In keeping with our tree theme this week, I thought I’d share something wondrous. We see a great many types of evergreens in Montana. We even have the Ponderosa Pine for our state tree. But recently on a trip to Spokane, Washington, I was quite worried about the state of some of our forests. We have dealt with the pine beetle up our way so I thought I was looking a forest gone bad from invasion of those little bugs. Instead, I was delighted to learn that these trees weren’t in a state of death and dying, they were Larix laricina – Tamarack.
I thought I was pretty familiar with the trees in our neck of the woods, but the Tamarack or American Larch took me by surprise. This species of tree is found in Canada, but also in some of the northern states of the US, and even as far south as West Virginia.
The name Tamarack is from the Algonquian meaning “wood used for snowshoes.”
The Tamarack wood is tough and durable, but also flexible. Tamarack was used in corduroy roads in Alaska and Canada because of their resistance to rot. But the most amazing thing to me is that every fall the Tamarack turns yellow and loses its needles just like other trees lose their leaves. And we’re not just talking a blah yellow. These trees turn a glorious, intense yellow that definitely grabs your attention.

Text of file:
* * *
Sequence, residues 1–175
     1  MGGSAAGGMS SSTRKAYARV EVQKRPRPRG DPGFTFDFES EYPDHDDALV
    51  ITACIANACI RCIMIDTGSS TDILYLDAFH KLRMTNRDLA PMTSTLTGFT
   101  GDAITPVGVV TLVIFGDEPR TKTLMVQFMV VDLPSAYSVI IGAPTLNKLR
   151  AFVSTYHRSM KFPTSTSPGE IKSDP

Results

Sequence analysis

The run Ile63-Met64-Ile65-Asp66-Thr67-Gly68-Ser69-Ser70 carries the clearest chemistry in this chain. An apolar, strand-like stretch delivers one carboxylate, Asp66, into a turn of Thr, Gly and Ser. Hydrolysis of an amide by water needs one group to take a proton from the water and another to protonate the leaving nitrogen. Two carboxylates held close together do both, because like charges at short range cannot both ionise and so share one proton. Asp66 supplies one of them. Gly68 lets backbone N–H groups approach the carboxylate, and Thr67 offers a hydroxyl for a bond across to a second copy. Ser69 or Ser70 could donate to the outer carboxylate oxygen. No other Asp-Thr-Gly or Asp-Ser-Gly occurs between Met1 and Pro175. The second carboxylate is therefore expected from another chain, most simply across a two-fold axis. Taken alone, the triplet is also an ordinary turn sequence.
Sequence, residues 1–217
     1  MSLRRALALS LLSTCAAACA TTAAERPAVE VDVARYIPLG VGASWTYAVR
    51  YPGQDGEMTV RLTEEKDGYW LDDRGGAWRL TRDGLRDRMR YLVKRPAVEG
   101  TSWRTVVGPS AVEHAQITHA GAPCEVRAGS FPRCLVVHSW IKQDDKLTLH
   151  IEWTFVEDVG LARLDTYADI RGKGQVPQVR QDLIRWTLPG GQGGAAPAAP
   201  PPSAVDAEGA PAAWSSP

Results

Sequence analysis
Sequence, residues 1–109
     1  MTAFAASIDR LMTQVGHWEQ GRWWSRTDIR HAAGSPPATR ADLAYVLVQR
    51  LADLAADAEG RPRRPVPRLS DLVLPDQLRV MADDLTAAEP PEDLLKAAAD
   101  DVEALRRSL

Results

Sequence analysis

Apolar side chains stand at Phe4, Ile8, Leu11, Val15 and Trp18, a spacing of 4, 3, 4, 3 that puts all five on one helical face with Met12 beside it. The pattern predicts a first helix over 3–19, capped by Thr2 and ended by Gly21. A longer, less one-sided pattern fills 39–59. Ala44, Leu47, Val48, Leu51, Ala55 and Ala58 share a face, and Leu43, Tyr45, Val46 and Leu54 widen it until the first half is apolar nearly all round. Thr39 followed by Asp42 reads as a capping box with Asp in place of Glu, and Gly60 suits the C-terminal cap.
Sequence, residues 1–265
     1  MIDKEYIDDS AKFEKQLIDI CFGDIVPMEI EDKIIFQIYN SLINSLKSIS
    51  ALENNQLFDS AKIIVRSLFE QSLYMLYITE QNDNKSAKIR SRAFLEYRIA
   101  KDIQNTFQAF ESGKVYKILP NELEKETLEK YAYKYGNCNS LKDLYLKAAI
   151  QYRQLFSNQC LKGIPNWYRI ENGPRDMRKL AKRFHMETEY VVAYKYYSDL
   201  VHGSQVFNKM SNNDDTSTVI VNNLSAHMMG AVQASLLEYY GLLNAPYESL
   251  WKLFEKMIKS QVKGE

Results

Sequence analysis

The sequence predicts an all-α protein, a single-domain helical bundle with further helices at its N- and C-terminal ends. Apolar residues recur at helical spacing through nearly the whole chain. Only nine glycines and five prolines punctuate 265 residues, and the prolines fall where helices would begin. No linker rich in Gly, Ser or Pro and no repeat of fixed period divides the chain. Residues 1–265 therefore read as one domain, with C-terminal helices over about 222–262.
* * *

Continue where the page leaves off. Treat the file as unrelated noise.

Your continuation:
Tamaracks aren’t true evergreens, but rather deciduous coniferous (not carnivorous Cathy - at least I don’t think they eat meat)tree. This means they shed their needles in the fall. They reach heights of 33-66 ft. And can survive in temperatures down to −85 °F – in fact, they love the cold.
Tamarack are known to have a gummy sap that has a great flavor when chewed and is every bit as sweet as maple sugar. The native peoples have long made a tea from the bark that can be used as a laxative, diuretic and help for rheumatism. Poultices can be made from the inner bark and used on wounds and burns and it’s also supposed to be great for headaches. It’s really an amazing tree, and hopefully I will be able to lay my hands on some to plant in my yard.
So there’s my contribution to this week’s tree theme.
God Bless You!